Like the American answer to Wet Leg, here come Momma to make themselves a Household Name. The Brooklyn-based band, led by founding vocalist/guitarist duo Etta Friedman and Allegra Weingarten, have already shared stages with those buzzy British peers, and their hook-laden indie-rock sounds are equally irresistible. In a way, Household Name invites this kind of comparison: Produced by Momma multi-instrumentalist Aron Kobayashi Ritch and mastered by Grammy-winning engineer Emily Lazar (The Killers, Maggie Rogers), the album is structured to reflect “the rise and fall of the rock star,” as the band step into the arena and assert their burgeoning position as part of the genre’s history. They emulate The Breeders and Nirvana, shout out Pavement on the exhilarating “Speeding 72,” and nod to Liz Phair love song “Nashville” on “Lucky,” revealing themselves as adept-beyond-their-years students of rock ‘n’ roll, a la Horsegirl. Get used to hearing Momma’s Household Name. —Scott Russell

Pool Kids: Pool Kids

Tallahassee, Florida, rockers Pool Kids made a wave-making return via their self-titled second album, the follow-up to 2018’s acclaimed Music to Practice Safe Sex to. Founding vocalist/multi-instrumentalist Christine Goodwyne and drummer Caden Clinton, who wrote the band’s debut LP in its entirety, are now joined by bassist Nicolette Alvarez and guitarist Andy Anaya, further focusing and amplifying their vision as a four-piece. Goodwyne’s always relatable, often funny lyricism and expressive vocals are the soft center of Pool Kids’ sound, surrounded by layers of dynamic math-rock and guitar pop that are coolly precise, yet never sterile or alienating. Pool Kids welcomes you in and empowers you to move towards emotional catharsis, especially on standouts like “That’s Physics, Baby” and “I Hope You’re Right,” which are practically aglow with sonic polish and unpretentious humanity. —Scott Russell

Rico Nasty: Las Ruinas

Rico Nasty’s slow pivot from punk-rap to bubbly hyperpop is not unexpected, and her 2020 debut Nightmare Vacation laid that groundwork with the electric single “IPHONE.” Two years later, Rico completely reinvents herself with the release of Las Ruinas. Dizzying electronic beats and eerie, horror-inspired production open the doors to Rico’s colorful musical circus. Her iconic raspy flow and delicate croon take up equal space on the project. Whether channeling drum-and-bass euphoria on “Phuckin Lady” or acoustic emo pain on “Easy,” Rico continues to shapeshift and carve her own path as one of the most innovative rap artists of the past few years. —Jade Gomez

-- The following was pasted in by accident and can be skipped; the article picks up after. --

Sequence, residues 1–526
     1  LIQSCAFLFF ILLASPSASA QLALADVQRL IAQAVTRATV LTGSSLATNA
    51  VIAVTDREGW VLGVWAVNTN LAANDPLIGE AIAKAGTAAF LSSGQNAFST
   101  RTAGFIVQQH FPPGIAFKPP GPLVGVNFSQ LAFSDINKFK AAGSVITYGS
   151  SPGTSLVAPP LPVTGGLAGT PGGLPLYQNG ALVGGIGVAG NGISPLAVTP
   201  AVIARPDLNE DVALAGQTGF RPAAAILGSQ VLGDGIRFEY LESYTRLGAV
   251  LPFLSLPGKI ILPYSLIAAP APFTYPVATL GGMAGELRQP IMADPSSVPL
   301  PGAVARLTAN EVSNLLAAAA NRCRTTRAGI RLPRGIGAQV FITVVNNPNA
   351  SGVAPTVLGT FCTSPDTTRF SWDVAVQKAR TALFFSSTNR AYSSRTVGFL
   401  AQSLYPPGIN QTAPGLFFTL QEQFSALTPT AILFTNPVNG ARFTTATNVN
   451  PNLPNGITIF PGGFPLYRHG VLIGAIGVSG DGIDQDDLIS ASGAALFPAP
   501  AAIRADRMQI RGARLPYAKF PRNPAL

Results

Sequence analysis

Steve Lacy: Gemini Rights

Steve Lacy first gained recognition as one of the main producers on The Internet’s acclaimed third album Ego Death. Lacy is a prodigy in every sense of the word, producing tracks only on an iPhone and working with some of the biggest names in music before graduating high school. Three years on from his solo debut Apollo XXI, Lacy expands on his guitar-forward palette for Gemini Rights, bringing in layers upon layers of vocal harmonies, warbled basslines and synths. Much like his debut, Lacy refuses to settle down with one specific sound, priding himself on being born in an era where everyone is stylistically omnivorous. Each track is full of Lacy’s dry, millennial wit and coated in his tender falsetto as he pays homage to the tender ballads of Stevie Wonder with the snark of Thundercat. On Gemini Rights, Lacy is ready to take his rightful place as one of his generation’s most innovative figures. —Jade Gomez

Twen: One Stop Shop

There might as well be an ocean of time separating Twen, i.e., indie duo Jane Fitzsimmons and Ian Jones, from their 2019 debut album Awestruck. The intervening years found the band leaning harder than ever into their DIY ethos, to the point that their aptly titled sophomore LP, One Stop Shop, finds them “writing, producing, mixing, directing, designing, booking and managing their own project,” per their website. Rejecting (or at least operating outside of) the music-industry apparatus is a lightning-rod topic lately, lending a particular timeliness to Twen’s new set of songs. But what matters most, as ever, is the ear test, and Fitzsimmons and Jones have had the goods since they first arrived on radar. One Stop Shop is a monument to honesty that finds Twen channeling their gift for irresistible melody through a prism of pop, rock and psychedelia, designed to resist being boxed in or explained away. —Scott Russell

Working Men’s Club: Fear Fear

Working Men’s Club simultaneously embody the terror that the world will implode at any second while celebrating the fact that we’ve made it to another day in this strange dystopia that we live in on their latest album, Fear Fear. A dark-wave record that isn’t afraid to dance on thin ice, it examines the precarious position we’re in with both dread and jubilation. The zapping, Kraftwerk-esque synthesizers and deadpan vocal delivery have an ‘80s retro-futuristic varnish. Deeming it “a record made for agitating and dancing, for heart and soul, for here, now, and tomorrow,” Working Men’s Club fuses industrial beats with the human tendency to grapple with the existential question “Who are we and where are we headed?” —Samantha Sullivan

Listen to our Best Albums of July 2022 playlist on Spotify here.